The latest build of the Kynetx Rule Language (KRL) provides a significant upgrade in capability with the addition of functions. We've also added some new array operators that take advantage of functions to make using arrays easier.

KRL supports functions as first-class objects in the expression language. KRL supports only anonymous functions, but they can be given names by binding them to a variable in a declaration. Here's an example:

pre { add5 = function(x) { x + 5 }; }

Functions are evaluated statically (e.g. the environment they are defined in, not the environment they are executed in determines the binding of free-variables) and can be recursive. Here's an example of a recursive function in KRL:

pre { fact = function(n) { (n <= 0) => 1 | n * fact(n-1) } }

Functions are declared using the keyword `function`

and contain optional declarations followed by a single expression that returns the result of the function when executed. To see this,
consider the following example which uses Newton's method to calculate square roots (taken from Section 1.1.8 of Structure and Interpretation of Computer Programs):

sqrt = function(x) { average = function(x,y) { (x + y) / 2 }; good_enough = function(guess, x) { v = (guess * guess) - x; v < 0.01 && v > -0.01 }; improve = function(guess, x) { average(guess, (x / guess)) } sqrt_iter = function(guess, x) { good_enough(guess, x) => guess | sqrt_iter(improve(guess,x), x) }; sqrt_iter(1.0, x) }

Functions can return functions as values and functions can be passed as the arguments to other functions and operators in KRL. The following example defined a generalized summation function that sums the numbers from `a`

to `b`

incrementing using `inc`

and applying the function `f`

to each term:

sum = function(f, a, next, b) { (a > b) => 0 | f(a) + sum(f, next(a), inc, b) }; inc = function(x) { x + 1 }; cube = function(x) { x * x * x }; sum_cubes = function(a, b) { sum(cube, a, inc, b) }

We could define a function that creates incrementor functions. When given a number, it returns a function that increments by that value:

inc_generator = function(n) { function(x){ x + n } }; inc = inc_generator(1); inc_by_2 = inc_generator(2); inc_by_25 = inc_generator(25);

Being able to write functions adds significant power. More so with some of the other languages changes we have in mind for the next few months.

Weve also added several new array operators in recent builds. Most notably, array references now work as follows:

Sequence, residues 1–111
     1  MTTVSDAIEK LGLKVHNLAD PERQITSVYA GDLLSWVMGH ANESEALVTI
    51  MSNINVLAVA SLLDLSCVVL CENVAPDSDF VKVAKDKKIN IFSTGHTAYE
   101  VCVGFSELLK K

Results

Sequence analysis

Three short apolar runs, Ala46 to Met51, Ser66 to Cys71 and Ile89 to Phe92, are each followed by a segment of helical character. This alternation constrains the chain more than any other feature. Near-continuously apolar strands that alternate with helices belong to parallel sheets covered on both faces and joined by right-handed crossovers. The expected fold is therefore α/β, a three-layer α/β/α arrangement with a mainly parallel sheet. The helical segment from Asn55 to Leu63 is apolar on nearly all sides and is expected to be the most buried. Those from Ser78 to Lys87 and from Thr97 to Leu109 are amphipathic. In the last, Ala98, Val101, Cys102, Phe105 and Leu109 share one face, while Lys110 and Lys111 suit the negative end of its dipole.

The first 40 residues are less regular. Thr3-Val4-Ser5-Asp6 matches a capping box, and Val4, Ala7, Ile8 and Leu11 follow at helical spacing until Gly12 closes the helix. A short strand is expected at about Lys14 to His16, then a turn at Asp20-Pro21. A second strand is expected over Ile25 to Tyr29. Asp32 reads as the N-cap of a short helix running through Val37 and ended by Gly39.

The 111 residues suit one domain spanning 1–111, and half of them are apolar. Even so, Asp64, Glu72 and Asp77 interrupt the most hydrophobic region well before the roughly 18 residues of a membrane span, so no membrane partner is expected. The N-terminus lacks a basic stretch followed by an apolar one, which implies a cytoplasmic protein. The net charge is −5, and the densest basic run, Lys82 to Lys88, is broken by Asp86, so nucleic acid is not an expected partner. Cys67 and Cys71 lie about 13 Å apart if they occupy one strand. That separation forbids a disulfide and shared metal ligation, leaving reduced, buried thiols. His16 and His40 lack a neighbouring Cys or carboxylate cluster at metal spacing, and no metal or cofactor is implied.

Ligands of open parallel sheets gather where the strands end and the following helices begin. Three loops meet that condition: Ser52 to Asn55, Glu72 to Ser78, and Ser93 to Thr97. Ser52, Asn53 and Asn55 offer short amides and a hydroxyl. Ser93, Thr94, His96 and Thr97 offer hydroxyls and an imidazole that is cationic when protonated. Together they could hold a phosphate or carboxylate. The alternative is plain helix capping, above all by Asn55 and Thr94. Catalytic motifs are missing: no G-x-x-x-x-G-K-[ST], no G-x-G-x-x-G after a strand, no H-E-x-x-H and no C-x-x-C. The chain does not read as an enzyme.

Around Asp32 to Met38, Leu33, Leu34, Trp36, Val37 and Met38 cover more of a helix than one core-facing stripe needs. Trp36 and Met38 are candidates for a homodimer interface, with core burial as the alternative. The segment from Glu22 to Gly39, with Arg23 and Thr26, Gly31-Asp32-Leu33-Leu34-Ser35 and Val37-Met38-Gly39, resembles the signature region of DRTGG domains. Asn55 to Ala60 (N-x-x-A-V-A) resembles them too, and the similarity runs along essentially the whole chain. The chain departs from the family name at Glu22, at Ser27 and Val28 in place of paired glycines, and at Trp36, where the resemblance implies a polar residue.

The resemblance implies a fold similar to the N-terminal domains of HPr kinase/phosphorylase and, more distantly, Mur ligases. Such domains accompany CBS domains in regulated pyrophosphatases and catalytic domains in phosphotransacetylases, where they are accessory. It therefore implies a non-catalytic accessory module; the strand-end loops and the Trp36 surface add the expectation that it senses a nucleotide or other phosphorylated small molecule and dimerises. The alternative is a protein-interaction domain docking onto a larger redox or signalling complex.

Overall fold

a = [1,4,3,6,5]; b = a[1]

This would bind the value 4 to the variable `b`

. Note that array references only work for arrays of one-dimension, so `c[1][2]`

is not allowed (presuming `c`

is an array of arrays).

In addition, there are a number of new operators available for arrays.
The following array operators are now available (in addition to `length`

which has been previously available):

`sort`

- sorts the array. With no argument, sorting is done in ascending order. The argument`"reverse"`

causes sorting to happen in descending order. The argument can also be a function that takes two argument and returns a boolean value which will be used as the comparison function for the sort.`filter`

- filters an array, producing a new array. The operator takes a function argument that takes a single parameter and returns a boolean value. The return array contains elements for which the function returns true.`map`

- modfies an array from mapping a function to each member of the array. The operator takes a function argument that takes a single parameter and returns any value. The array returned from`map`

is the result of applying the function to each member of the original array in turn, collecting the results into a new array.`head`

- returns the first element of an array without modifying the array.`tail`

- returns an array that is identical to the orginal array except without the first member.

You could use these like so:

pre { f = function(x) { x < 4 }; g = function(y) { y * 2 }; a = [1,4,3,6,5]; b = a.sort(); // returns [1,3,4,5,6] c = a.filter(f); // returns [1,3] d = a.head(); // d has the value 1 e = a.map(g); // e has the value [2,8,6,12,10] }

Operators are fairly easy to add and handy to have, so if you have ideas for other operators, on arrays, strings, and so on, just let us know.